Ingredients For Inspiration
Skyword, magazine, Pacific Western Airlines, 03-1986

Lorenzo Fracchetti, Recording Canada’s Last Frontier
Art Impressions, magazine, 1987

Lorenzo Fracchetti, la magia del Grande Norde
TRENTINO emigrazione, Ottobre – Dicembre 1997

Lorenzo Fracchetti, le peintre venu d’ailleurs
MAGAZIN’ART, 09-2001

Article from SKYWORD Magazine, Pacific Western Airlines

March 1986


Ingredients For Inspiration

Artist Lorenzo Fracchetti utilizes the special qualities of lighting
in the north to create magical portraits of life in this frozen frontier.
by Lynda Comerford

A dog team, sled and driver trek over the hard crusted snow of the boundless wilderness on Baffin Island in Canada’s north. The air is sharp and the horizon seems to melt into an endless sky. Care must be taken not to slip into the large cracks in the frozen ice as the travelers glide through the eerie wonder of a frozen arctic world.

The man on the back of the sled is Lorenzo Fracchetti, a 40 year old Italian born Canadian. His fascination of the Arctic and passion for painting have melded together to create magical portraits of life in the frozen wilderness of northern Canada.

“I’ve been fascinated with the Arctic since I was a child,” says Fracchetti. “There’s such a sense of adventure in this unexplored land.”

He came to Canada in 1967 and was fortunate to find a job as an illustrator with a Toronto based company that was publishing books about the Arctic. Through this job Fracchetti made his first visits to the far north. “I was even more fascinated and intrigued after I’d been there,” he says. “The majestic suns, the icebergs and the light that you don’t find any other place in the world make it such a magical land.”

Much of his time was spent traveling around Baffin Island, compiling sketches, photographs and notes of the northern scenes. “It’s an area that best represents the Arctic in general,” explains Fracchetti. “There are many other places to go, but it can be extremely costly traveling from one place to another as it’s so vast.”

Fracchetti’s favorite medium is oils, although he is very adept at charcoal and copper etchings as well. “I started out using charcoal and doing portraits, but later I started painting in oils. For the brilliancy of the fantastic landscape, there’s nothing like colour,” he explains.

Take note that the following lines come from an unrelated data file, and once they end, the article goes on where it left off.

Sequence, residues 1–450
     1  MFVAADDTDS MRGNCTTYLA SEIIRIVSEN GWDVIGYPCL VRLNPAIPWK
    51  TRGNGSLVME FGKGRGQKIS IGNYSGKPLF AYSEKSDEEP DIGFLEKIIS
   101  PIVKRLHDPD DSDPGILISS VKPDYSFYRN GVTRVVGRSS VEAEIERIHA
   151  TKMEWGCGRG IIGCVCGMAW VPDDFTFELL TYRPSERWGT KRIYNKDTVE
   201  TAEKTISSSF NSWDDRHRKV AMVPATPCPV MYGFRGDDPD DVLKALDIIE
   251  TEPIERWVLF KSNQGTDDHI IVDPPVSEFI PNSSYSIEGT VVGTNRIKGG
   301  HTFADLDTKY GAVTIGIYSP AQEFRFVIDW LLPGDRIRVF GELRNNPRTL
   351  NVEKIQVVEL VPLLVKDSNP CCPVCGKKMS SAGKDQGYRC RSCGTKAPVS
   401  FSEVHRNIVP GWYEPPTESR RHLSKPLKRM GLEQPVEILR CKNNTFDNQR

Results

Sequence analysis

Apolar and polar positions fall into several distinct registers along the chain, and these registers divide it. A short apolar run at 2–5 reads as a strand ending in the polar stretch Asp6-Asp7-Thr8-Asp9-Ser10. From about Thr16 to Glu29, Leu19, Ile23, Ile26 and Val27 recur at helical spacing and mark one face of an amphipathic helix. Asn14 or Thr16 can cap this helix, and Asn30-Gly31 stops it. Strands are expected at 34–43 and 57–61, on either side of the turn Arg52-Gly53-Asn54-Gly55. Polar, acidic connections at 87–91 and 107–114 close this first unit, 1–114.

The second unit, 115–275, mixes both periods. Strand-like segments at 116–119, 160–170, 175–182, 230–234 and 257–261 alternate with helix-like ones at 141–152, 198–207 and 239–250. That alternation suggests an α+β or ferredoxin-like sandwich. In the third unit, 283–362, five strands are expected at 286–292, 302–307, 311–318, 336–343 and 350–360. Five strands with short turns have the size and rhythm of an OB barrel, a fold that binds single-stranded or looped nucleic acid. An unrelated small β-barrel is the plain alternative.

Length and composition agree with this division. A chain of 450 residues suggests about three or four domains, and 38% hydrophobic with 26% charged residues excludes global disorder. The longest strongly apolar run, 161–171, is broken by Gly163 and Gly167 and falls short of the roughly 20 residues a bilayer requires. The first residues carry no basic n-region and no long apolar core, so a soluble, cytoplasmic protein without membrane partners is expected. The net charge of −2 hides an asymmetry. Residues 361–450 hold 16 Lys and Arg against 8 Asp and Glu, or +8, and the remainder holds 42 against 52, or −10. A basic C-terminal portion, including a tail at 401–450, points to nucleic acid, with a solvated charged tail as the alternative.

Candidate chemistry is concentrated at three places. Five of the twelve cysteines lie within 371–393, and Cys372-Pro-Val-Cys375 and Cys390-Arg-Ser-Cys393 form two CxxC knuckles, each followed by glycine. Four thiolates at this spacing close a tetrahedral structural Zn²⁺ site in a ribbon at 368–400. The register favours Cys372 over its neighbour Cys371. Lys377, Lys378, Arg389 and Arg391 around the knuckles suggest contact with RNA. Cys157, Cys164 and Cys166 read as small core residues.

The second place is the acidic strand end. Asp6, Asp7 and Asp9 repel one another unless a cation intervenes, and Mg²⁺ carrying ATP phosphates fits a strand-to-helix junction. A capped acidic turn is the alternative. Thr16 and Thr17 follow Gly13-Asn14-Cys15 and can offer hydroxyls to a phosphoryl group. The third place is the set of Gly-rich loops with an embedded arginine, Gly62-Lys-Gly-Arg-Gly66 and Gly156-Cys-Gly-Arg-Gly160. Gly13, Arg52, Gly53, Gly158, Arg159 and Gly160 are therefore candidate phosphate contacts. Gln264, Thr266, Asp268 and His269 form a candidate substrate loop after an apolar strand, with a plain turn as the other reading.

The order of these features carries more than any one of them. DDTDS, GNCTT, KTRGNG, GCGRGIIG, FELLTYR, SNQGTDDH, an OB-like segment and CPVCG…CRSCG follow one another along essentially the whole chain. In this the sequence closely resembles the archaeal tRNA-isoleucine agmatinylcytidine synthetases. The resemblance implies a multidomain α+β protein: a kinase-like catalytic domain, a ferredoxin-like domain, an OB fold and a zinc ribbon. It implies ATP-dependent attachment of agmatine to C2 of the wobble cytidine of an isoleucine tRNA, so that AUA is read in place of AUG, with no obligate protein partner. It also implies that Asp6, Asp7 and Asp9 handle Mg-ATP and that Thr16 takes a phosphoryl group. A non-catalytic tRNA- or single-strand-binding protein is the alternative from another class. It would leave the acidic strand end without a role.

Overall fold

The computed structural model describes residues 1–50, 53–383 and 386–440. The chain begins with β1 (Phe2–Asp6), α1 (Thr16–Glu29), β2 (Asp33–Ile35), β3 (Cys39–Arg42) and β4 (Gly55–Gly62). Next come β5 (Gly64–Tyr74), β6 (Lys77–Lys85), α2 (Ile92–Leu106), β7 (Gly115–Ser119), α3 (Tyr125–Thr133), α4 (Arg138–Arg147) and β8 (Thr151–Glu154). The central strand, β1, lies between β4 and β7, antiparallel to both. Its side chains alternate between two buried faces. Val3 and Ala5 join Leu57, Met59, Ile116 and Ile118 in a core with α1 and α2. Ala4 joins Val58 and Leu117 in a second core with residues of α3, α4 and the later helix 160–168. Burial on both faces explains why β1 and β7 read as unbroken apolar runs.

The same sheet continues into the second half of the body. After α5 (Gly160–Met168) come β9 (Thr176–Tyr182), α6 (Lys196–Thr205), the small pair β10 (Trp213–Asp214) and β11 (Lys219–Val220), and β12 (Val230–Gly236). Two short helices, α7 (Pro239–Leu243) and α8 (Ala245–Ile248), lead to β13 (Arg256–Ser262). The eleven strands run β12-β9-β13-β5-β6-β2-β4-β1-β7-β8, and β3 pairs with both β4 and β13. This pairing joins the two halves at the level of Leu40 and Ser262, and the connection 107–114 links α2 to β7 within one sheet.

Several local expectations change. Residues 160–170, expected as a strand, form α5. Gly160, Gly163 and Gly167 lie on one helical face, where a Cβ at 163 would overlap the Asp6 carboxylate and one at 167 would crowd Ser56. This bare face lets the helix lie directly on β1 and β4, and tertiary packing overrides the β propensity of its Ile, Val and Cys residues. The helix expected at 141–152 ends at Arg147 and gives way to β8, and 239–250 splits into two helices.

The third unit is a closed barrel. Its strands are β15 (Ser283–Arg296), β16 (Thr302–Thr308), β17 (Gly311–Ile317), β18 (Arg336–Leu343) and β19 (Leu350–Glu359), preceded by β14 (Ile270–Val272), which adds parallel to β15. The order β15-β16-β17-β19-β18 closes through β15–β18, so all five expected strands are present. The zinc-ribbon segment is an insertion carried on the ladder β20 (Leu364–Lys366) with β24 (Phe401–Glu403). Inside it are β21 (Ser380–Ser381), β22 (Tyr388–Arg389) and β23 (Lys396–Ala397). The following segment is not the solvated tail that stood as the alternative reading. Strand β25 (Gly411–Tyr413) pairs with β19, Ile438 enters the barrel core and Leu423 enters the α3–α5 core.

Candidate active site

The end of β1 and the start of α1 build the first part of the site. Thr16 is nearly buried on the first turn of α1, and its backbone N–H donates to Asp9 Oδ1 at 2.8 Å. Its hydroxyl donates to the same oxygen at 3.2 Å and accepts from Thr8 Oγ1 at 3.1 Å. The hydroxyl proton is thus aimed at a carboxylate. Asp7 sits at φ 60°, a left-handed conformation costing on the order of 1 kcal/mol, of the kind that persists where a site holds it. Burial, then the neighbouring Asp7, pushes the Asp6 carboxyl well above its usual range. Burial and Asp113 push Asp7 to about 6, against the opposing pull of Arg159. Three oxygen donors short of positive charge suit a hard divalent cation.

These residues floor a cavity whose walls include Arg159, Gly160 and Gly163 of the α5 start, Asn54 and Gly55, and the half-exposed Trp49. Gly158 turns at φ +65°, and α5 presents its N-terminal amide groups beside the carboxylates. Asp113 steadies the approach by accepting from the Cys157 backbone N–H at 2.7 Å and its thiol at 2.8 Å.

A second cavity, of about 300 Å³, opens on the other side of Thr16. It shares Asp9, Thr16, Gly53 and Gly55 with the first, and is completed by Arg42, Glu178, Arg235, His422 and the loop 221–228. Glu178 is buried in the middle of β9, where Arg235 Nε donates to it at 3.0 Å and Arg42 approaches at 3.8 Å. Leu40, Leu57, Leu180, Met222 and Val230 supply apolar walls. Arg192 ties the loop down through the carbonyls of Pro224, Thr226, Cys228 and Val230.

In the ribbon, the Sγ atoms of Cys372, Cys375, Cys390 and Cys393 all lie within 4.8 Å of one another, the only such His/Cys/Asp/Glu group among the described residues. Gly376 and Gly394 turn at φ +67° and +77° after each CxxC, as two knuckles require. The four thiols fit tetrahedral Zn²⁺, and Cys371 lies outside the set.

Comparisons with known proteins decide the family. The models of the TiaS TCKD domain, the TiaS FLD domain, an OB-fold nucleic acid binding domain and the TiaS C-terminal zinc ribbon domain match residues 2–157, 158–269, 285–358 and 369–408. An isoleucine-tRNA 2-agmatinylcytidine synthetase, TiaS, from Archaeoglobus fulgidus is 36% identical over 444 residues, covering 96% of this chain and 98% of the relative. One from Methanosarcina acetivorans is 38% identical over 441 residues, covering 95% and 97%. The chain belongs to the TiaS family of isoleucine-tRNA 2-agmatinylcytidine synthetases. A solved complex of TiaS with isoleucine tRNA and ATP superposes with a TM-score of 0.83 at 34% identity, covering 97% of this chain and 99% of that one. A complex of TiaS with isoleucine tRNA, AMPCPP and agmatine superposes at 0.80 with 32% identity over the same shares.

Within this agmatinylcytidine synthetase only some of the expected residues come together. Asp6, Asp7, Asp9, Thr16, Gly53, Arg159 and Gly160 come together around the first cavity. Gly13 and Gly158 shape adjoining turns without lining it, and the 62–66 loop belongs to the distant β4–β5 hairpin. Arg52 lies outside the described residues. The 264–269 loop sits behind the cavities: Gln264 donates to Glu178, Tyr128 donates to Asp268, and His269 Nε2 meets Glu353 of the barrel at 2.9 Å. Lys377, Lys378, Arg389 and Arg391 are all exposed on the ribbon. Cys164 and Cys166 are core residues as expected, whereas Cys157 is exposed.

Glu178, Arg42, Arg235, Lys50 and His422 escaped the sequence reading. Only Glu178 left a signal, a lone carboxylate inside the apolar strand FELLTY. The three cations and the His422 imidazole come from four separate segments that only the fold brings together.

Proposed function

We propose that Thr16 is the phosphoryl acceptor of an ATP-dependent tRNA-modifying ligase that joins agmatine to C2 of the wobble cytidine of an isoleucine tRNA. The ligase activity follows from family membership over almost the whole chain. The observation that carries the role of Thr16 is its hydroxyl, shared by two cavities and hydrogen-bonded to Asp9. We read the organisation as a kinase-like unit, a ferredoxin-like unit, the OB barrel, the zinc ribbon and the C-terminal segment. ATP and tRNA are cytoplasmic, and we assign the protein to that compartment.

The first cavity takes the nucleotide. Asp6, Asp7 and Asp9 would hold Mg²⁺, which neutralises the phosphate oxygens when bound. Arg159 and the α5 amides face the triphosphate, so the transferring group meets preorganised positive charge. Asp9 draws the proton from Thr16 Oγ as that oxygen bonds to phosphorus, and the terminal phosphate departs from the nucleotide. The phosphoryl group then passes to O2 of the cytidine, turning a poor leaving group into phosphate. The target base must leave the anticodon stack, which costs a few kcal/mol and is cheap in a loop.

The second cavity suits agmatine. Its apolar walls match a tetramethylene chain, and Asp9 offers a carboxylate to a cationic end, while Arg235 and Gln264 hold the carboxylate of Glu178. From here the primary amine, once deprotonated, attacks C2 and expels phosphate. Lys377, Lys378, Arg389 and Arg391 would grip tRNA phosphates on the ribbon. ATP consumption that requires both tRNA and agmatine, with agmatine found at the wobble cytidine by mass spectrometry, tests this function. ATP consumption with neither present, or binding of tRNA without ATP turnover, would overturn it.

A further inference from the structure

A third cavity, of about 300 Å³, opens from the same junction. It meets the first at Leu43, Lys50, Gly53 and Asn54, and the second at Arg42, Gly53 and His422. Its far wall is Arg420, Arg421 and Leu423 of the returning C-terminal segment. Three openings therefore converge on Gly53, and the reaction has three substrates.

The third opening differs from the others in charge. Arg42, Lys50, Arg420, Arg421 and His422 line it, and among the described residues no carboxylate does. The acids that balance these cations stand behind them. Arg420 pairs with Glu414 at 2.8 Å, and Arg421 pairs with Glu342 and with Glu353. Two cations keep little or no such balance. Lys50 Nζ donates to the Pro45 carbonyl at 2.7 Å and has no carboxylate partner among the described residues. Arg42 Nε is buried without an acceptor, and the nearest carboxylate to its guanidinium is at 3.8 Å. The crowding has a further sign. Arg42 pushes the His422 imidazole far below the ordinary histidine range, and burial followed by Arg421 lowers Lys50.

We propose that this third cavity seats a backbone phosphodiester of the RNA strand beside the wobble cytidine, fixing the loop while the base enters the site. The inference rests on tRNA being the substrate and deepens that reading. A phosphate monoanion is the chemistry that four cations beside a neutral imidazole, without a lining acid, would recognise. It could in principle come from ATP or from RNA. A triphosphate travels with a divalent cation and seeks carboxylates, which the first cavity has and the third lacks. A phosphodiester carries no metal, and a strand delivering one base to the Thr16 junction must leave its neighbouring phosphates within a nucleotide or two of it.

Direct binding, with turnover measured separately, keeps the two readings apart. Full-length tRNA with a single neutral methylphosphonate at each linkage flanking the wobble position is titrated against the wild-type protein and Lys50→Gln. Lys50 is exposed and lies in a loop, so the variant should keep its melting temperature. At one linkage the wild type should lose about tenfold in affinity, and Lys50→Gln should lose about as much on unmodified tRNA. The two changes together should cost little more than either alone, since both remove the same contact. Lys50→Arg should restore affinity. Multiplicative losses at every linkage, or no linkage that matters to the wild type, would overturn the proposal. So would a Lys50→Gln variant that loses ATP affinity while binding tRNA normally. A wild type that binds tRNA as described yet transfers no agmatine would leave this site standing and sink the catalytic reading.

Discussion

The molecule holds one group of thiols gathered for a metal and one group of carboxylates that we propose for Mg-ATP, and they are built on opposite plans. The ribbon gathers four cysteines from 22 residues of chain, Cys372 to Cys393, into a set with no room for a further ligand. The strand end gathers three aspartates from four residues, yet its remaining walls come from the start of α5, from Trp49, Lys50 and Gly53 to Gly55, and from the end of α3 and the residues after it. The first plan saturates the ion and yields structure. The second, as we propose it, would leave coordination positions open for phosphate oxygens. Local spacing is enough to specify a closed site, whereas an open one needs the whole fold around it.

Spellbound by the beauty of the north, it is exactly that quality which the artist tries to convey in his work. “So many things are really magical,” he says, “Especially the effect of light, the silence of the majestic icebergs and the contrast of colours. It’s all so different from the usual wildlife, lakes and trees that you see elsewhere.”

The north for Fracchetti is a huge space which can be difficult to portray in a painting. But it’s that huge space that also feeds his creativity. “In some way, for the artist as well as the adventurer, the north has the ingredients for inspiration,” he says.

Fracchetti’s paintings are of cold northern scenes, but through skillful use of lighting effects, he manages to instill a sense of warmth and tranquillity which defies the harsh and frigid images. “I’ve found that in any painting, the magical touch is light. Sometimes it’s very difficult to get the best effect and I have to exaggerate to give more emphasis to the kind of feeling I am trying to achieve.

“In the Arctic, light is probably the best material you can find to describe through painting the feeling of the north. With the Northern Lights, the moon, the midnight sun — there are so many different moods and effects of light and shadow.”

Fracchetti doesn’t expect to get tired of painting the north. “I’ve been doing Arctic scenes for many years and have never found anything that could make me lose interest,” he says. “There are many aspects of the north that are also a part of me — the sense of loneliness, independence and freedom that I can express in the composition of my art.”

Currently living in Toronto, Fracchetti has exhibited his work in Italy, Switzerland, United States and across Canada.

Article from ART IMPRESSIONS magazine

Winter/November 1987


Lorenzo Fracchetti,

Recording Canada’s Last Frontier

by David J. Hawke

The Canadian Arctic has been called “the last frontier of discovery” by many adventurers and conservationists. It is also first love and inspiration to a handful of hardy artists. One such person is Lorenzo Fracchetti, an artist who is concentrating his talents to capture on canvas the life and grandeur of the far north.

It’s a bit surprising to find this keen interest in one who is not a native Canadian, but rather in an enthusiastic young man from overseas. Perhaps being born near the Alps, in Italy, instilled a sense of adventure and understanding for such rugged terrain. Whatever the reason, since he arrived in Canada in 1967, Fracchetti (pronounced fra-KET-tee) has put his energy to work to give us a special view of our country’s most unique geographic area.